5. i’m happy for your winter squash success, but admittedly, more than a little jealous. while my summer squash is doing fantasically (costata romanesca and early yellow summer crookneck), the winter squashes directly adjacent (spaghetti, uncle david’s dessert, butternut) are all dead or dying. with little squashes on them, begging for a chance; so sad.

  6. I just posted about my frantic squash-saving attempts. And I must put up pictures of the Triamble that ran over a 6′ fence a good 12′ from the planting point! I’m wondering if I’m going to have to fashion a t-shirt sling for that one.

    I like the costatas and I want more, more MORE winter squash next year.

  7. I would love love love to have the space to grow my own butternut squash – they are pretty much my hands-down fav winter squash, and I am firmly addicted. But because they do grow so huge, for now at least it is a dream only. The fact that you were able to get such good results even though planting was a bit late makes me think that there is hope for my fall garden after all.

  8. Mavis, I have a few butternut volunteers too! Word to the wise: they take a LONG time to ripen, just like pumpkins.

    Jules, my experience with training them is this: you just need to wrap them around the trellis netting nearly daily. I have noticed the squash themselves don’t get as hugely big as the compost-fed, on-the-ground ones but believe me that is fine, as I think I STILL have butternuts in the basement. And the other thing about trellising them: their stems are pretty strong, so you might not necessarily need to put them in a sling. But: whatever’s working for you, do it!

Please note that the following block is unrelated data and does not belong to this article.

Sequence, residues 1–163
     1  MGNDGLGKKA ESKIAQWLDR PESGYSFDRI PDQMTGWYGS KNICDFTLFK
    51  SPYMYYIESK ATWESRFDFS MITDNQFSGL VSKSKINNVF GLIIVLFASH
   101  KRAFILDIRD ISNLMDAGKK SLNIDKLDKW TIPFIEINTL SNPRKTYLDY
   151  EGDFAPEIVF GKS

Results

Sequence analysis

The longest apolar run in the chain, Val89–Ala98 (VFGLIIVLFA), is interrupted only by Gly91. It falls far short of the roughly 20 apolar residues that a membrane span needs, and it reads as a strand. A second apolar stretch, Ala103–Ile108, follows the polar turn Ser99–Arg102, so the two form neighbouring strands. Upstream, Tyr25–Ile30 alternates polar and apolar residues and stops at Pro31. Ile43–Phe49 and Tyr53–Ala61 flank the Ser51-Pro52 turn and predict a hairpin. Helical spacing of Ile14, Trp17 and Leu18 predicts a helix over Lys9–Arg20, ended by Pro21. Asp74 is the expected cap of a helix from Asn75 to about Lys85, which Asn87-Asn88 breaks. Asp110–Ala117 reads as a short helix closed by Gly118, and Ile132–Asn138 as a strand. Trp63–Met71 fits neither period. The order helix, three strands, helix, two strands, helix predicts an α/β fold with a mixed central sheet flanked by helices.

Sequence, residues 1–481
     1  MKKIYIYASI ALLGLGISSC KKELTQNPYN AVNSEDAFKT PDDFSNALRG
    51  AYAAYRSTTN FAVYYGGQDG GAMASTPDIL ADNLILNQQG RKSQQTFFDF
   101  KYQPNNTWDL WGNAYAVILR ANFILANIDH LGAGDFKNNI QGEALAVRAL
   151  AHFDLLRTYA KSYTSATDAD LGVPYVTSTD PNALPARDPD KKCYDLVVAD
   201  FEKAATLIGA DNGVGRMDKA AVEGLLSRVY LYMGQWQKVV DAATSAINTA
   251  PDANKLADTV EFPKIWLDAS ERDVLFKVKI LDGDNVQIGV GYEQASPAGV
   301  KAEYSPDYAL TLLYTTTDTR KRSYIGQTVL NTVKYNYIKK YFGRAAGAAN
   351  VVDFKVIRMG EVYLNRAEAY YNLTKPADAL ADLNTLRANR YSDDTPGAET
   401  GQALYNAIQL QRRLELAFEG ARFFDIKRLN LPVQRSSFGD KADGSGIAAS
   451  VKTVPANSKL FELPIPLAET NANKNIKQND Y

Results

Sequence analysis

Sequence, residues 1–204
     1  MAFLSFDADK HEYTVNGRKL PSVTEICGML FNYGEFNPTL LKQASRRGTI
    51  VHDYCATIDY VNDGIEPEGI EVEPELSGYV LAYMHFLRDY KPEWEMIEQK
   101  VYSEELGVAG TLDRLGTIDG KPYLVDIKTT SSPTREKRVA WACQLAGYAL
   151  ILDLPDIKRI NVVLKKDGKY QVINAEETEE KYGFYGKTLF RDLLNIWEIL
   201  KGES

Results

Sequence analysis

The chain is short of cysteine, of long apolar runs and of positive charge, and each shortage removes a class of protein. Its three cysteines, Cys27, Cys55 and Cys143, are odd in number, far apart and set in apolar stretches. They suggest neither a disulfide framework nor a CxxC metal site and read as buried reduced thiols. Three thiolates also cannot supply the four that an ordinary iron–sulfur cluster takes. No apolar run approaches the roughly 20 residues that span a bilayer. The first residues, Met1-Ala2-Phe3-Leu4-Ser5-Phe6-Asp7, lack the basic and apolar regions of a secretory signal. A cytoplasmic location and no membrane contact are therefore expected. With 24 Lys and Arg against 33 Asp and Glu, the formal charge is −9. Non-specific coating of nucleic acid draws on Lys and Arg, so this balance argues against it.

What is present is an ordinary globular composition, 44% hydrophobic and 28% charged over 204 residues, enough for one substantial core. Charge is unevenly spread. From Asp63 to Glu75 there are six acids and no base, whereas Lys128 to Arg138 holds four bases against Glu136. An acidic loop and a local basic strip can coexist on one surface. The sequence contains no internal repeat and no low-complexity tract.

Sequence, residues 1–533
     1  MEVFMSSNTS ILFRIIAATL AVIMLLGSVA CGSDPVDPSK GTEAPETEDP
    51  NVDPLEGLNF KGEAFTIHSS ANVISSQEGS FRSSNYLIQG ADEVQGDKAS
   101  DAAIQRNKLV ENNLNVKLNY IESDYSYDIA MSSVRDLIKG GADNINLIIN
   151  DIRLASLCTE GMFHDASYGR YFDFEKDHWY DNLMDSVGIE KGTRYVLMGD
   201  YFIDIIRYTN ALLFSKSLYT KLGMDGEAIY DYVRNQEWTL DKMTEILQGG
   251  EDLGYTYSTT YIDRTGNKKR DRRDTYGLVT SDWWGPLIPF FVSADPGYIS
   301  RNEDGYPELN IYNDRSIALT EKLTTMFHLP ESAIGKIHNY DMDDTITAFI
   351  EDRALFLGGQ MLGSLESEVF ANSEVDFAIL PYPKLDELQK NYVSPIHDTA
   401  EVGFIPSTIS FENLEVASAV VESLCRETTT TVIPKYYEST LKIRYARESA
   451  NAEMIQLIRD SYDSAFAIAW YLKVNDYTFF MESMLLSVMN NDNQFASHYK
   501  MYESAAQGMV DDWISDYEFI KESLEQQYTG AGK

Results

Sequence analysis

Sara, I haven’t heard of eating the jack-be-littles but let me tell you I eat any and ALL squash when young, including the winter ones. Heck, they’re all summer squash until they’re not, right? That Italian climbing variety sounds interesting!

    Deborah, every year I have squash climbing the fence and in general causing lots of chaos. I even made a new area for them and guess what? They’re climbing the fence there too! Crazy things. Did you build a pup-tent kind of trellis? My gardening buddy builds those.

    Serina, check out today’s post and make sure you bury anywhere where the stems are hitting the ground: the plant might recover!

    Stef, you might have to. I got some of those seeds from Novella, is that where you got yours? Anyway, enlist a child or two in helping with the slings: it’s a real physics experiment in action!

    MC, butternut squash has NOTHING on the size of the pumpkin-like squash I grow! And really, you can trellis it, and use the trellis earlier for peas or whatever. Butternut squash are pretty good, and relatively pest-free (squash bugs give them a pass and vine borers aren’t much of a problem because their stems aren’t as meaty as others), so try it next year! It’s too late to try to grow them for the fall.

  9. I have injected BT into the sqash vines with some success. I mix it per the bottle instructions for spray. I inject it at the base of the plant and then cover the hole with foil. I do this before or after they are attacked. You can get syringes and needles at farm stores without the odd looks you get at the pharmacy counter. Mine are years old and I imagine you’ll have to show ID and sign for them now.